Carnegie Foundation and Abraham Flexner

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  • Dr. Sam Caldwell is a 38-year-old general surgeon called to the emergency department in anticipation of the arrival of a woman gravely injured in an automobile accident. Initially trapped in her car, she is extricated using the “Jaws of Life”. At the scene, the paramedics describe a moaning woman who appears to be in her mid-twenties with crush injuries to her torso, particularly her pelvis. By the time she is ready for the ten-minute transport to the hospital, she has developed signs of shock.
    One of the things that Dr. Caldwell enjoys about trauma surgery is that each patient’s injuries are unique. Providing expert care requires the on-the-spot integration of what he knows of the field, both the formal knowledge and the experience he acquired over his residency and the five years he has been in practice, with the particulars of each patient’s situation. As he hurries to the emergency department, he anticipates what this woman’s care is likely to require of him immediately: the ability to lead the emergency department team, nurses, respiratory therapists, X-ray technicians and others, in the patient’s initial assessment and stabilization; surgical skills to address traumatic injuries within his expertise and the recruitment of other specialists to manage her orthopedic and urologic injuries, and the capacity to establish a connection and communicate effectively with a distraught family. Assuming that she survives the night, he will need to work with his hospital’s intensivist and the highly skilled nurses in the ICU, to participate in the hospital’s campaign to reduce ventilator-associated pneumonias and to bring in a physical therapist, and possibly a physiatrist, when his patient is ready. Dr. Caldwell’s hospital is near a major highway and he briefly reflects on the number of alcohol-related accidents they see. He has been active in his community’s schools talking about injury prevention in general and underage drinking and driving in particular. As he is wondering if he might be more effective at the community level, the paramedics race in with his patient. He asks for two large IV’s and begins the trauma assessment.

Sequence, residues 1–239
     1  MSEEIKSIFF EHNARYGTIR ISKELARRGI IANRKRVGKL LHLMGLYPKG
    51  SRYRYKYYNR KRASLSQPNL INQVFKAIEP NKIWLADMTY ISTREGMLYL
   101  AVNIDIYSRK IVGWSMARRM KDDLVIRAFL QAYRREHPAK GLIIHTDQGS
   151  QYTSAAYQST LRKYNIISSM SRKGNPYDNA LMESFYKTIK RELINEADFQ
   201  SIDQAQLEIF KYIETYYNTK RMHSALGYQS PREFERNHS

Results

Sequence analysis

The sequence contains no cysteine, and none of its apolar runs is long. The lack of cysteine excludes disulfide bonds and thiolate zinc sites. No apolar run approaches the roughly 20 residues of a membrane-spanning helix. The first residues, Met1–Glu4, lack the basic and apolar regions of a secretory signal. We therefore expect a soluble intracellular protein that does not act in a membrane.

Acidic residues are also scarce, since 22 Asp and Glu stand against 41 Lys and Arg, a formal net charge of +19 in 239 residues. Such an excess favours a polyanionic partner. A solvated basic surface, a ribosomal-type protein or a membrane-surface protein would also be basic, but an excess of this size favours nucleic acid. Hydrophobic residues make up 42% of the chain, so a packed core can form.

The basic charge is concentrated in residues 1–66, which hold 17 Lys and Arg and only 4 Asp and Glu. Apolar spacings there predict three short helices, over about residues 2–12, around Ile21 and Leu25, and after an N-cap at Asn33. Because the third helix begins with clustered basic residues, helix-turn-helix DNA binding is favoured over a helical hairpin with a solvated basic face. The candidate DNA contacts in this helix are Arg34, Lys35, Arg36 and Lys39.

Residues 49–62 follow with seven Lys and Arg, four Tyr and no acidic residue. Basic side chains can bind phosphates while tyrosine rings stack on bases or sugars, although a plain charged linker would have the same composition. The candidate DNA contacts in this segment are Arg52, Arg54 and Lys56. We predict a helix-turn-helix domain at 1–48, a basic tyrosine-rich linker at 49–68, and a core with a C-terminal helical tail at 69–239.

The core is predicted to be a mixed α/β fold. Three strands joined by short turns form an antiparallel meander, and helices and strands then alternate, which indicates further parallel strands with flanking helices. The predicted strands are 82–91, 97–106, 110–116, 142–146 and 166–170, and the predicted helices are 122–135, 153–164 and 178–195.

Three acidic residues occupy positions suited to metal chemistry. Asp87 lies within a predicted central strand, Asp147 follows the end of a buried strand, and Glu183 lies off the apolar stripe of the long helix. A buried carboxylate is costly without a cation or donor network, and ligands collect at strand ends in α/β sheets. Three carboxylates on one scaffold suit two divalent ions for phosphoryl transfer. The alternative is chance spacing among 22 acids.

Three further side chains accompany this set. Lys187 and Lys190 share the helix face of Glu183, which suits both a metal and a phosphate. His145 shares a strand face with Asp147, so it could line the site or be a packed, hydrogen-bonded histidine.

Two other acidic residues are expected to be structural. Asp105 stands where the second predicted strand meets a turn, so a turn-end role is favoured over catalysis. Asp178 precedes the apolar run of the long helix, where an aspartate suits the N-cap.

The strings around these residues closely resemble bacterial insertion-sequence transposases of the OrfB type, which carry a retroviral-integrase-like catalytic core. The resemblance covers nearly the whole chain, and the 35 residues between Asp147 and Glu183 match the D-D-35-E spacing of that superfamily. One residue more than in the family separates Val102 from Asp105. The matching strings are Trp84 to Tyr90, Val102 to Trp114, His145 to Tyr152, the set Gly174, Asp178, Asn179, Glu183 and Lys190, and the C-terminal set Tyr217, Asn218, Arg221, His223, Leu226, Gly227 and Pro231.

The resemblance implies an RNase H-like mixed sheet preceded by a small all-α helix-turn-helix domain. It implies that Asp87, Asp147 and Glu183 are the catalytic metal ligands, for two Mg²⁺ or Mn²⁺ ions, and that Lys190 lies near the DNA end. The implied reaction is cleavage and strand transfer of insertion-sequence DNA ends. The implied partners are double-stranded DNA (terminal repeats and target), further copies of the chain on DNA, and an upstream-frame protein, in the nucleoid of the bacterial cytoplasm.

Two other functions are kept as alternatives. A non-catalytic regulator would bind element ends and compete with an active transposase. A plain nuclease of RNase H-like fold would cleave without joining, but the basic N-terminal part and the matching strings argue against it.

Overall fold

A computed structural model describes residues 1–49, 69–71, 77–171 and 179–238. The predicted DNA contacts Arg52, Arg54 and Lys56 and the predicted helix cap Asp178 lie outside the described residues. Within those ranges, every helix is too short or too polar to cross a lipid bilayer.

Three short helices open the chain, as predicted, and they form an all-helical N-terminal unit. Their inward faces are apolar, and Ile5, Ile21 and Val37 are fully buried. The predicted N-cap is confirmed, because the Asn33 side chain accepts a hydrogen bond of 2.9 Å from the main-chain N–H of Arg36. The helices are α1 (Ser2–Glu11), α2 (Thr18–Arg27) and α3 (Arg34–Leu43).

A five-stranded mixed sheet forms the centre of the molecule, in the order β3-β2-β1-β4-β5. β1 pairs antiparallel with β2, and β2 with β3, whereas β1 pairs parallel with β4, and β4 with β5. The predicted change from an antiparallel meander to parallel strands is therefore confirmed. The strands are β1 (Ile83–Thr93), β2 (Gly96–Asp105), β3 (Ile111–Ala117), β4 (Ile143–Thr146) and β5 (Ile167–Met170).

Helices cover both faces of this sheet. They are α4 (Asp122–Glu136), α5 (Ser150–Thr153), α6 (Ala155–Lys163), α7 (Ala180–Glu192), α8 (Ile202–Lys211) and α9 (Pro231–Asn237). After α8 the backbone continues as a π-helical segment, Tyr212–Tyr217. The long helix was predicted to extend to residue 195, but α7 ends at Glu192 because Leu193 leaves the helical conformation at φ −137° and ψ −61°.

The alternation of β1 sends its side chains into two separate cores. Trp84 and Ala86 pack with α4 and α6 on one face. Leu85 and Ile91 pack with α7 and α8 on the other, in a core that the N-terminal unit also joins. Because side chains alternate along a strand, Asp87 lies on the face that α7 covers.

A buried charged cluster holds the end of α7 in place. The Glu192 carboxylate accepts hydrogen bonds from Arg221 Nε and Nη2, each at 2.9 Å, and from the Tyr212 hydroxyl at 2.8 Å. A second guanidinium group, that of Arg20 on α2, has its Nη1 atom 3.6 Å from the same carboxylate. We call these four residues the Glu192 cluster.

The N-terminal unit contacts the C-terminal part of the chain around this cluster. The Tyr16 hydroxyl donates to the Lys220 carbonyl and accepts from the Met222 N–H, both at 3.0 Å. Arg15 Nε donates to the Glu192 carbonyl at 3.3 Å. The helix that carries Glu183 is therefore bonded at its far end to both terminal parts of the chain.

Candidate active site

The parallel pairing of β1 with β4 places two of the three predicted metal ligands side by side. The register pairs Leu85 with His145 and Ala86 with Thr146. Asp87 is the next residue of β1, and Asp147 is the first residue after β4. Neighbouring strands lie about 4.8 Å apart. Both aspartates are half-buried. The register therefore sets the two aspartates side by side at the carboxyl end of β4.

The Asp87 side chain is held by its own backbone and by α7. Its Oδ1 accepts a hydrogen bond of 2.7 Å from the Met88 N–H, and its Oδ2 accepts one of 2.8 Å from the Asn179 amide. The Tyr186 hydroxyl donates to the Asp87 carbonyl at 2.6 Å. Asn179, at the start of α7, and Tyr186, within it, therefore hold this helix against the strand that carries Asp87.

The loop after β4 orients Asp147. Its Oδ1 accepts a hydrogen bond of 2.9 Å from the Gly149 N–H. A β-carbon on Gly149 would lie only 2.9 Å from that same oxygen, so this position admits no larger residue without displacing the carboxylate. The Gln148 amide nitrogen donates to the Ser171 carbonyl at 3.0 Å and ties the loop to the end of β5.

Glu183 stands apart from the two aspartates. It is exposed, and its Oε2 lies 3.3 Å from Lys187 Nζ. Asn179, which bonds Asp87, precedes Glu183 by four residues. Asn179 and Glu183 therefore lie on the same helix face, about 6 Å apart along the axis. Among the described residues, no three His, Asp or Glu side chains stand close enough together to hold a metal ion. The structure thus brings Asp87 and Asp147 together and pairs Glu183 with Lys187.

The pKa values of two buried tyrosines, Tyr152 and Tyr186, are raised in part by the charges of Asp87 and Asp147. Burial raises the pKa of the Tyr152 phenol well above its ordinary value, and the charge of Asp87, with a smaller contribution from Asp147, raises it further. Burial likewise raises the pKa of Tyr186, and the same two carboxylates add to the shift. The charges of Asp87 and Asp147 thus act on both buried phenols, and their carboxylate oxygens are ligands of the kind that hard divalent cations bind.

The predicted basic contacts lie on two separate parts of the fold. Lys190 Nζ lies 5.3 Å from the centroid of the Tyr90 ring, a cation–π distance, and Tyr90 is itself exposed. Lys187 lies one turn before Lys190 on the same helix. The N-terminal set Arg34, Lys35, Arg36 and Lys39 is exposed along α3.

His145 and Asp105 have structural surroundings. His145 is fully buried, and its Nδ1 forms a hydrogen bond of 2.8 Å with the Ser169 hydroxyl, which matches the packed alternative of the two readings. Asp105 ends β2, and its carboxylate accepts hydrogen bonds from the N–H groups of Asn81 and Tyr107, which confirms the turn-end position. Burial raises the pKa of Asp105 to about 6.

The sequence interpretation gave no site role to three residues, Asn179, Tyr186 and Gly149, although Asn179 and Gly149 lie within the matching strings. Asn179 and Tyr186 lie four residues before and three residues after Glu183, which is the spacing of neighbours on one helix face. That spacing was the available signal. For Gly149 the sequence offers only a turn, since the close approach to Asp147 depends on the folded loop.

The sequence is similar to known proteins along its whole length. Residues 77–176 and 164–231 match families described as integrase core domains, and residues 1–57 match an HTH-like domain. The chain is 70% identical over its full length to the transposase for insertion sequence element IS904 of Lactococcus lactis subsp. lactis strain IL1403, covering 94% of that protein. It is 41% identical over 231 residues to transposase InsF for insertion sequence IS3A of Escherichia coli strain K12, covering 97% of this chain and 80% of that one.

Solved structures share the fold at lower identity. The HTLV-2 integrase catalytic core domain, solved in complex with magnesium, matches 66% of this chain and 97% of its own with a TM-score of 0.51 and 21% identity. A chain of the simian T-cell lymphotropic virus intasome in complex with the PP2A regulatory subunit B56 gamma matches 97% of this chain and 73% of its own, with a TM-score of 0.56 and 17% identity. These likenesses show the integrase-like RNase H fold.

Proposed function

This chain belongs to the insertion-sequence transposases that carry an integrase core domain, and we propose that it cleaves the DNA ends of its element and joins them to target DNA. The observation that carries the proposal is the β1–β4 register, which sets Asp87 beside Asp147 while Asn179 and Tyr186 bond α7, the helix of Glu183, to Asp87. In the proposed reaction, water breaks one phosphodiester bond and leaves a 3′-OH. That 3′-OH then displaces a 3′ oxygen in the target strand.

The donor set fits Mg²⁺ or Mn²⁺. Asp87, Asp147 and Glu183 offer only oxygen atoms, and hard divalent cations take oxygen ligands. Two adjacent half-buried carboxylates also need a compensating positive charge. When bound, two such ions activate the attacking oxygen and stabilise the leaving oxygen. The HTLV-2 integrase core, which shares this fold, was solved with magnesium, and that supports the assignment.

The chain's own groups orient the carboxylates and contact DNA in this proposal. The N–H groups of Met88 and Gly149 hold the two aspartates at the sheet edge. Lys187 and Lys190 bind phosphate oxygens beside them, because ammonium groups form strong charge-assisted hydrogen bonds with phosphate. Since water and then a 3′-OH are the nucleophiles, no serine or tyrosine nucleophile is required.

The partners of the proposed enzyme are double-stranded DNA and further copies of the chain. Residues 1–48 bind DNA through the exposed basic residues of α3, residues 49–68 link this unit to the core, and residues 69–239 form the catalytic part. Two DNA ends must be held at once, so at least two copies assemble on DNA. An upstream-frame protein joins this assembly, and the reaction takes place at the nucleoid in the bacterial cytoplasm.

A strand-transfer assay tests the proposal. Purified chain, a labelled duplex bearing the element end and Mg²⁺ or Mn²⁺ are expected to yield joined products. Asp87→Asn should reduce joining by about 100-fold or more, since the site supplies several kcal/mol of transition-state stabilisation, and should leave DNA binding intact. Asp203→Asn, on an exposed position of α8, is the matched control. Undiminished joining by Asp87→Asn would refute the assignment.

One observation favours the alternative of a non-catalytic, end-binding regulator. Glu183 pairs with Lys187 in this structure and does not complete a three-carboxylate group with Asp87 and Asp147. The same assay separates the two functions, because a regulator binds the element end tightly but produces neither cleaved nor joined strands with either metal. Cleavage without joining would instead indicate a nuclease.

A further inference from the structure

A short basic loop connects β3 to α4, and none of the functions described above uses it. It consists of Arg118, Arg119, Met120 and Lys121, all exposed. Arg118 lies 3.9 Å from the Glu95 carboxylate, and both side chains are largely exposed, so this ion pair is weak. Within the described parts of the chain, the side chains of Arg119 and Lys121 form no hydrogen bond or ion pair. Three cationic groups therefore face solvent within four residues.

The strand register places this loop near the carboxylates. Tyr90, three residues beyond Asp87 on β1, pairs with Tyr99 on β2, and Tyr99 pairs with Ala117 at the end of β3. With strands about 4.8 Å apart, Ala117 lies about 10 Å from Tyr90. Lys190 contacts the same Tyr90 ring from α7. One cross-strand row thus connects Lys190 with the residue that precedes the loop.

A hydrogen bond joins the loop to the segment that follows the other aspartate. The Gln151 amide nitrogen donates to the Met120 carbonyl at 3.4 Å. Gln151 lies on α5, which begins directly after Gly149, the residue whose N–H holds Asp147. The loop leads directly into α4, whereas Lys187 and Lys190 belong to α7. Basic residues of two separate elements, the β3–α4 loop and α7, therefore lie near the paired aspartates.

• Medical school is lock step - there is no recognition of students’ prior preparation and experience
    All learners d the same thing - little opportunity to express interests and talenst
    Residency time-and-process metrics
  • Dr. Sam Caldwell is a 38-year-old general surgeon called to the emergency department in anticipation of the arrival of a woman gravely injured in an automobile accident. Initially trapped in her car, she is extricated using the “Jaws of Life”. At the scene, the paramedics describe a moaning woman who appears to be in her mid-twenties with crush injuries to her torso, particularly her pelvis. By the time she is ready for the ten-minute transport to the hospital, she has developed signs of shock.
    One of the things that Dr. Caldwell enjoys about trauma surgery is that each patient’s injuries are unique. Providing expert care requires the on-the-spot integration of what he knows of the field, both the formal knowledge and the experience he acquired over his residency and the five years he has been in practice, with the particulars of each patient’s situation. As he hurries to the emergency department, he anticipates what this woman’s care is likely to require of him immediately: the ability to lead the emergency department team, nurses, respiratory therapists, X-ray technicians and others, in the patient’s initial assessment and stabilization; surgical skills to address traumatic injuries within his expertise and the recruitment of other specialists to manage her orthopedic and urologic injuries, and the capacity to establish a connection and communicate effectively with a distraught family. Assuming that she survives the night, he will need to work with his hospital’s intensivist and the highly skilled nurses in the ICU, to participate in the hospital’s campaign to reduce ventilator-associated pneumonias and to bring in a physical therapist, and possibly a physiatrist, when his patient is ready. Dr. Caldwell’s hospital is near a major highway and he briefly reflects on the number of alcohol-related accidents they see. He has been active in his community’s schools talking about injury prevention in general and underage drinking and driving in particular. As he is wondering if he might be more effective at the community level, the paramedics race in with his patient. He asks for two large IV’s and begins the trauma assessment.
  • Let me end by acknowledging my colleagues and showing you how we listened to many focus groups of learners for our study.
  • Carnegie Foundation and Abraham Flexner

    1. 1. Mission: To prepare physicians who are relentlessly curious, who are determined in their efforts to improve patient outcomes, and who apply their knowledge and skill with judgment and compassion
    2. 2. The Four I’s of The Carnegie Foundation ‘Preparation for the Professions’ Program: Implications for Humanistic Medicine Molly Cooke MD Senior Scholar, CFAT Director, Haile T. Debas Academy of Medical Educators Professor of Medicine, UCSF